Anyway, she has free and paid products.

Liz Wilcox:

Write this down. It also comes with 52 subject lines that for me have worked with over a 40% open rate for every single one of them.

Heather:

Okay. It's crazy to me that's all in your freebie. I know you have, so I know we joked about it, but you do have some paid offers that are phenomenal and very, very affordable pricing. I'm g oing t o link to all this stuff in the show notes. Guys, the email thing, I get a lot of questions around email. It can be a little overwhelming. Subject lines a re overwhelming. G rab the swipe files 'cause I think it's a great place to get you s tarted to make them your own and then try some of these things out we're talking about today. I t's just keeping it simple.

:

In the spirit of that, as we bring it home in our very casual and fun bestie conversation. I know a biz besties, life besties. One day, you're going to teach me how to RV besties, just making fun of the fact that you hate the word bestie 'cause I'm kind of with you there. Any parting thoughts or words of encouragement for the audience to say , think about this idea of simplifying their business?

Liz Wilcox:

Well, in the words of N'Sync, do your thing. I hadn't mentioned N'Sync the whole interview. It's so hard. Just do your thing. You know, if you are whatever you're naturally good at, just put it out there, talk about it. If you are afraid to do that, you know, you're holding it close to your chest. Remember, like they even pay McDonald's people to make your french fries. So whatever you are doing, you deserve to get paid for that too.

Heather:

Amen to that. Oh, I love this. I loved having you on today. Thank you so much for being here. I think , you know, guys, these kinds of conversations here, I tell you on the show, I like to bring people, not only that I enjoy hanging out with, but people that I work with and have conversations or just open conversations as I would with Liz and I having a zoom session, just chatting about life and business.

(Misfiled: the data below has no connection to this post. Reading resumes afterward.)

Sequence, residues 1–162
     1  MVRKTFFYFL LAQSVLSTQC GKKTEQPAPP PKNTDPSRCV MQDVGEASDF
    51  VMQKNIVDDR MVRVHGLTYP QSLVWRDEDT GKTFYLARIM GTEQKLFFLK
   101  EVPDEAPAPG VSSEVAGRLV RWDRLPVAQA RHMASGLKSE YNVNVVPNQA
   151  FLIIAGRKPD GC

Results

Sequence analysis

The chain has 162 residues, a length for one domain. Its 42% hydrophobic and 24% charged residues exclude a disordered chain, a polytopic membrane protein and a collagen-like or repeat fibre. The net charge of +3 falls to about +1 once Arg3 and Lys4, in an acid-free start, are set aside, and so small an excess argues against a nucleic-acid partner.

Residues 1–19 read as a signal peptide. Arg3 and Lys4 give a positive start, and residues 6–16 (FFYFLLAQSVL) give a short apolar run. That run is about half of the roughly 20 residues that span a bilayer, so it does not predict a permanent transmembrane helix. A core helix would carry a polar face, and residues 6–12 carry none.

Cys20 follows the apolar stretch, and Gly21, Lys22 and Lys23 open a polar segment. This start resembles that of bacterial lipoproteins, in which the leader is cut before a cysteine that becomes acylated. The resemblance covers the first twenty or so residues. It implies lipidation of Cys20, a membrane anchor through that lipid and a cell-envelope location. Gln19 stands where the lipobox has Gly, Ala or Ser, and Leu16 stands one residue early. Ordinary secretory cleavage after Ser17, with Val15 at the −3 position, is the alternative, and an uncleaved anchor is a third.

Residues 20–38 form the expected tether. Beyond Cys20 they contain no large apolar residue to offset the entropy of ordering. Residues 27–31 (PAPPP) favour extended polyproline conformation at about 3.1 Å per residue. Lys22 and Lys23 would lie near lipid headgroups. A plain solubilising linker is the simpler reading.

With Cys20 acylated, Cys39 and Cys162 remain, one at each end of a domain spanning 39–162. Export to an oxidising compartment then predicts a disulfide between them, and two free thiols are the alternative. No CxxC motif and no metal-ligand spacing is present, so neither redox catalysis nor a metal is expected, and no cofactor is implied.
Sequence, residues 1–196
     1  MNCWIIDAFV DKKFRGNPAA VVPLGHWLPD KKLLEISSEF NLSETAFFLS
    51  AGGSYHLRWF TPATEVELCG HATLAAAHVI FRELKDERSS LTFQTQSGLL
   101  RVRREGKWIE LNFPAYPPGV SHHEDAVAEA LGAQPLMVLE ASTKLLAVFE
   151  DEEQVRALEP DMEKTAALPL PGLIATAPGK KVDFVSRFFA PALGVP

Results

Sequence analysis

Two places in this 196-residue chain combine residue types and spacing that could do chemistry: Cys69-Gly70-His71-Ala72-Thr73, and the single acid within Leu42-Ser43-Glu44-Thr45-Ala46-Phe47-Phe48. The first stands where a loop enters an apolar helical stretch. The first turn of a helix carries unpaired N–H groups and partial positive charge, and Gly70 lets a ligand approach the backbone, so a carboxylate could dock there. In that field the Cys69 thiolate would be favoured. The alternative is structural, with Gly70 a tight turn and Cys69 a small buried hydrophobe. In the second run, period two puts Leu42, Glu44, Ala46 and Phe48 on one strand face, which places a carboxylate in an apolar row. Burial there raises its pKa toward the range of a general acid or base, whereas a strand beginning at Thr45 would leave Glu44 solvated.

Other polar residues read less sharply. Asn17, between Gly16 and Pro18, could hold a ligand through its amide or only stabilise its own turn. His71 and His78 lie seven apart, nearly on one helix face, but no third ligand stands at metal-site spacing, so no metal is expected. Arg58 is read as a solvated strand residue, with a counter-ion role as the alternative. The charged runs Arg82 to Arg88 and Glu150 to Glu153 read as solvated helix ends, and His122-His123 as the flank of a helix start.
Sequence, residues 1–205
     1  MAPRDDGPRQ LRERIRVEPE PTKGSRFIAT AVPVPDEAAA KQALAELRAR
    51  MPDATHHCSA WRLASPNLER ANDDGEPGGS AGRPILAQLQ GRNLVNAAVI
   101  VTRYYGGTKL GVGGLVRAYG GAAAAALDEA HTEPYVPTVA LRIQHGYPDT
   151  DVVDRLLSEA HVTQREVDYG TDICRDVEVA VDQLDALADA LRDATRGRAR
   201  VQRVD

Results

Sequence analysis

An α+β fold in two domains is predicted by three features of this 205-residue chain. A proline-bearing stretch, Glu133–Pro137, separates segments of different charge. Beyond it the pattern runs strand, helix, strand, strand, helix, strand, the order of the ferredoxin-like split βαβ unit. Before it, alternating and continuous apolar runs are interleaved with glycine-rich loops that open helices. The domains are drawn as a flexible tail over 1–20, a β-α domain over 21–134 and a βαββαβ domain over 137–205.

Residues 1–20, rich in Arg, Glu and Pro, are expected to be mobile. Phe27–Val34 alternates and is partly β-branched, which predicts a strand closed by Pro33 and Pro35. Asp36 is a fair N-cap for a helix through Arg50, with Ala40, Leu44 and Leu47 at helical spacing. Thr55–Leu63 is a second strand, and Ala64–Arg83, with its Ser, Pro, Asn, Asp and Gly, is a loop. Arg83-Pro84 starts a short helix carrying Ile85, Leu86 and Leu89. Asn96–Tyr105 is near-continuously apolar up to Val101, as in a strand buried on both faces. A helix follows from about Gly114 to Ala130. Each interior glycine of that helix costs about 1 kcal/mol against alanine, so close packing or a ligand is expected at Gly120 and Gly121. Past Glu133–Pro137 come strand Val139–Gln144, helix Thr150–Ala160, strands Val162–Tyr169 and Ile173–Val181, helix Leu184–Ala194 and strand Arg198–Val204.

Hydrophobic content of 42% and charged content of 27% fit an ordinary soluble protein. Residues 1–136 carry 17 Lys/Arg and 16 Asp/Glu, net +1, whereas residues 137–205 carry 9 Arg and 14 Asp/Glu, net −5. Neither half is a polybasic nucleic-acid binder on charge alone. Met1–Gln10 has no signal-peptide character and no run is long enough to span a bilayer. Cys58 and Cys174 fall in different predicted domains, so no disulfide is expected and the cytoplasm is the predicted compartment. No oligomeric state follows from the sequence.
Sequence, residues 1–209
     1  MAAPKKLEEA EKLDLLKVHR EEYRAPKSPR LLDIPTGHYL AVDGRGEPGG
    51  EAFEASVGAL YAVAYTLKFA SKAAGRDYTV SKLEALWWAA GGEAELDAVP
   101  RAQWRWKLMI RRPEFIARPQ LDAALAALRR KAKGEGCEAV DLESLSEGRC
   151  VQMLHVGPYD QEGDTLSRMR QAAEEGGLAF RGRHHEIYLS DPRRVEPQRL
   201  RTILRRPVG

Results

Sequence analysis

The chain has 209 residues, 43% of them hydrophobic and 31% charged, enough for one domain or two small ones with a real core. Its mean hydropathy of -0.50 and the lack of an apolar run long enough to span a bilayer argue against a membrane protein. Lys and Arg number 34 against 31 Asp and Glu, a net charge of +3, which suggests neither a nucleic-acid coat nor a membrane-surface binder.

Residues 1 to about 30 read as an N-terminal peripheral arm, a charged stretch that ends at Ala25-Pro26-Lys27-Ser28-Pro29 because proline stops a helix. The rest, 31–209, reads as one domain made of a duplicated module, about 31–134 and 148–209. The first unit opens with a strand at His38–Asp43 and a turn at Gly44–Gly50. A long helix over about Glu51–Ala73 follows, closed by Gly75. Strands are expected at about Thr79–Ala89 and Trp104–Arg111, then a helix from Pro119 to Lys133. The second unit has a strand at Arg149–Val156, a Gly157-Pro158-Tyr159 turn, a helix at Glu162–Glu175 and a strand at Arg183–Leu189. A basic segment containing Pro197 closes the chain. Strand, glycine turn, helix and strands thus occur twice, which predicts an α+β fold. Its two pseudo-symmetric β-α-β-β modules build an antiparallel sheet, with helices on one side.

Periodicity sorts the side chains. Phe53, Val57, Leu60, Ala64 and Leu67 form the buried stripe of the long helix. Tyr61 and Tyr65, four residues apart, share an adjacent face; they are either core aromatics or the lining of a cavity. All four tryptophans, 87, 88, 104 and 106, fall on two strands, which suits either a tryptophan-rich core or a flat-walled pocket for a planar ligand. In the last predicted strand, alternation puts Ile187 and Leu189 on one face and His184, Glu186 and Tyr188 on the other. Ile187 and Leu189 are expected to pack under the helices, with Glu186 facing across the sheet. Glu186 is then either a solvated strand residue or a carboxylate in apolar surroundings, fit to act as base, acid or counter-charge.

Speaker 3:

These conversations sometimes mildly unstructured and yeah. You know what I mean. Very casual, but I hope this gives you a little bit of a behind the scenes peek around what it's like to have a really good group of mentors, group of friends, people that you can talk about in business.

:

If you haven't already make sure that you're surrounding yourself with people that you can talk to these things, about these things with, because I think that's part of the not getting caught up in the shiny object, getting caught up in all the bad hype, around having to do all the complicated things. Find people that are going to help you on your journey. I think Liz is one of them. Be sure you're following on Instagram. Make sure you send her a message and give her a shout out of how amazing this interview went. Liz, thanks so much.

Liz Wilcox:

Oh yeah, thank you so much.

Heather:

All right , guys, we'll see you next week. Same time, same place.

Speaker 2:

Guys, thanks so much for listening to Finding Your It Factor. And hey, if you have a talk coming up, you have to check out my free resource. It's called Nail Your Next Talk. 10 must ask questions before taking the stage so you can show up as an authority and turn that talk into future business. These are the questions that I use myself to prepare for my life talks, and they're going to help you ask the right questions of the person who booked you for the event. So the meeting planner or the client, and it's going to help you serve your audience to the best way possible. It's going to help you anticipate potential tech or 80 snags. Turn the Q&A time into a strategic place for content and make this speaking opportunity, a lead generator for your business. So go get it. What are you waiting for? It's over at heathersager.com/10Questions